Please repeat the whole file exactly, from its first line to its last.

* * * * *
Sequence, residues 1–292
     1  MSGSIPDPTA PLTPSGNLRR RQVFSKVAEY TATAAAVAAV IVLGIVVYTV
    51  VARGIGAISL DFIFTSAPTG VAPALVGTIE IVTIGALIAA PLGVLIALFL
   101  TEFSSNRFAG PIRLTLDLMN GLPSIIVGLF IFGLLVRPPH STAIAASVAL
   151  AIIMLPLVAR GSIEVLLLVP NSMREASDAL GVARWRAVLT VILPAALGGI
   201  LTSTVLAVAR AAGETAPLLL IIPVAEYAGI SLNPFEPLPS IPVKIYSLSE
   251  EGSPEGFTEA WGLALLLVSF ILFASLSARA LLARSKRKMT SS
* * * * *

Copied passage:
Sequence, residues 1–292
     1  MSGSIPDPTA PLTPSGNLRR RQVFSKVAEY TATAAAVAAV IVLGIVVYTV
    51  VARGIGAISL DFIFTSAPTG VAPALVGTIE IVTIGALIAA PLGVLIALFL
   101  TEFSSNRFAG PIRLTLDLMN GLPSIIVGLF IFGLLVRPPH STAIAASVAL
   151  AIIMLPLVAR GSIEVLLLVP NSMREASDAL GVARWRAVLT VILPAALGGI
   201  LTSTVLAVAR AAGETAPLLL IIPVAEYAGI SLNPFEPLPS IPVKIYSLSE
   251  EGSPEGFTEA WGLALLLVSF ILFASLSARA LLARSKRKMT SS